Clinical areas affected:
The scorecard was deployed throughout the health system, hospitals, clinics, labs and other direct clinical care areas.

Staff involved:

  • Senior leadership
  • Performance and quality improvement personnel
  • Information Technology (IT)

Timeline:
Development and full implementation of the balanced scorecard took a significant amount of time and remains an ongoing process. Each year the senior leadership reviews and updates the priorities, which then drive the measures and targets within the system to improve its effectiveness. Designing the custom software and technology infrastructure took several months, as did subsequent staff education.

Contact:
Catherine McCarver, M.B.A., M.H.A.
Director, Center of Excellence
P: (919) 668-0652
Catherine.mccarver@duke.edu

Innovation implementation:
The complex nature of collecting, processing and acting on performance metrics is a common difficulty for hospitals everywhere. For those interested in meeting the growing demand to publicly report this information, the challenge is even greater: How can the data be effectively communicated so that they are useful to audiences both inside and outside the institution?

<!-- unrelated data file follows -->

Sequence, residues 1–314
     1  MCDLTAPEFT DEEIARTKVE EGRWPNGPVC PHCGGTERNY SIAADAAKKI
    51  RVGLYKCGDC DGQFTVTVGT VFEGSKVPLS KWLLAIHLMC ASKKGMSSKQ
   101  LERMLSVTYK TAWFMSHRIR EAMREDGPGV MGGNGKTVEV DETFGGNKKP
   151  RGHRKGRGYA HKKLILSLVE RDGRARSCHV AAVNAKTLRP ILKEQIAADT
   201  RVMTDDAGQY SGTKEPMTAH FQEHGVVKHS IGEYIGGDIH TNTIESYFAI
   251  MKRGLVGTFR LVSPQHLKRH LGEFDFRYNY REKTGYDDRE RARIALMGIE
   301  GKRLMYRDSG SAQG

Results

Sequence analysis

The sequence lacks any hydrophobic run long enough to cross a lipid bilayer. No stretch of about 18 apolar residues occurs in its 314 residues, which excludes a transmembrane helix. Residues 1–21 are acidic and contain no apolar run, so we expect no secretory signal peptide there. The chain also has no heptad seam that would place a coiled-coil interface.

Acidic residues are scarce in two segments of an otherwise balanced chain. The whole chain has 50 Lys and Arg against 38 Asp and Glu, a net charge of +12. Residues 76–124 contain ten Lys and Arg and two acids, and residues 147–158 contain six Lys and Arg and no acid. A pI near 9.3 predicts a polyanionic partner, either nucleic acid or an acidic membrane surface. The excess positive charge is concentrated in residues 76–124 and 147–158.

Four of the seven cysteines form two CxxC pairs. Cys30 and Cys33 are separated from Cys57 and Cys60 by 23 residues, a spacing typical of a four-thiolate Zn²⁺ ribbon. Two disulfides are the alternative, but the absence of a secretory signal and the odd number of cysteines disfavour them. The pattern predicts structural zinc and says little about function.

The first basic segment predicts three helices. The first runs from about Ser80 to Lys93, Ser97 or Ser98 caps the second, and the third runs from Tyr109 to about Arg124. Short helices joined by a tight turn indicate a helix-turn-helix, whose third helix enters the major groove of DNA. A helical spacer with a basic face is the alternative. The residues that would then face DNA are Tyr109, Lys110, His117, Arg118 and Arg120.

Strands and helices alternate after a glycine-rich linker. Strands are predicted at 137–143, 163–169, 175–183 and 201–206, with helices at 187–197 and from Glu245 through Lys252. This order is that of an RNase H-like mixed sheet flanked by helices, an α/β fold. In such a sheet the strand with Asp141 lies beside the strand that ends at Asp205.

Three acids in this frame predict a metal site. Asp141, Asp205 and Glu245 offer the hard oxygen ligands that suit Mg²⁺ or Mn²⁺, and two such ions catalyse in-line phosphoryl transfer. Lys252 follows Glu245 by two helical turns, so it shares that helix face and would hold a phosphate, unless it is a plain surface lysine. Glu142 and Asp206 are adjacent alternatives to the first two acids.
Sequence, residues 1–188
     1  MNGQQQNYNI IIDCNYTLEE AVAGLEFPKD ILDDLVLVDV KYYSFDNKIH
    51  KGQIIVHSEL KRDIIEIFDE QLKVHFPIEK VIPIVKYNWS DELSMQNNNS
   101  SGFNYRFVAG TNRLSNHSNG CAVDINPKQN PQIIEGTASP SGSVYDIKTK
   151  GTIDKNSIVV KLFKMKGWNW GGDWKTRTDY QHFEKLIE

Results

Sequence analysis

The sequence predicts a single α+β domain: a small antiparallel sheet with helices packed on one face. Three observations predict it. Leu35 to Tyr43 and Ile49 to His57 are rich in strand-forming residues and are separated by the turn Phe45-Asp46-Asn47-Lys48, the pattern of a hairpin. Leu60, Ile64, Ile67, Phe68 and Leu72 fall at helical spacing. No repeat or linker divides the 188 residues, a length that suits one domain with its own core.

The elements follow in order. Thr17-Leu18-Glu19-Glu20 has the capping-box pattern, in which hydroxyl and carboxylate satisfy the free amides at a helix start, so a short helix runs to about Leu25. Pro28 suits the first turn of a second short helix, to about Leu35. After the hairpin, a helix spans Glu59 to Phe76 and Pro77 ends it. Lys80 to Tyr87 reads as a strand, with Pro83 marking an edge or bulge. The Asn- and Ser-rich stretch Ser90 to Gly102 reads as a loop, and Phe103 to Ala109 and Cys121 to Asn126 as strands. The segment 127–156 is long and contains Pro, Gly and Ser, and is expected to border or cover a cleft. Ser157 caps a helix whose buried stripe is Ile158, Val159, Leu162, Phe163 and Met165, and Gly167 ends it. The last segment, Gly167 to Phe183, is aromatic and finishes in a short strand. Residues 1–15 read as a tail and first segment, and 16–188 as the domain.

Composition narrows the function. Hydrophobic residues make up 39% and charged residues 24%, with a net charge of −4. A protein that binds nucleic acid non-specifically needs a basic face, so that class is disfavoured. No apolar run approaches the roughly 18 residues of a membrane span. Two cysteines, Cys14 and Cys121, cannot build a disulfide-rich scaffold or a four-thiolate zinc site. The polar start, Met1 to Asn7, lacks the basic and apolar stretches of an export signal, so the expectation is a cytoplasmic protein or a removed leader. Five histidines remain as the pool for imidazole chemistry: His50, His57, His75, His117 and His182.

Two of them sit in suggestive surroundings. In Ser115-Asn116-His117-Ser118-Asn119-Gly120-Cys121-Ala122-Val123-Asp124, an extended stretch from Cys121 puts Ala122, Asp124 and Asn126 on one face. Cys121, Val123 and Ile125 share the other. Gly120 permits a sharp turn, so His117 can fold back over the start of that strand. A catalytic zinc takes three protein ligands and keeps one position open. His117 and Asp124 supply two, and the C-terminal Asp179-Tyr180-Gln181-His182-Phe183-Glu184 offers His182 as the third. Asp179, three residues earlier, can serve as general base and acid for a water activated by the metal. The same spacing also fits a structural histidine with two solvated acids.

For Duke University Hospital, the solution has been the development of a balanced institutional scorecard. Key performance metrics are thoroughly tracked at all levels of the hospital and presented in an easy to understand, standardized scorecard format. These include measures such as patient satisfaction and compliance with CMS cardiac care scores for cardiac patients, accompanied by target goals for the reporting period and year-to-date.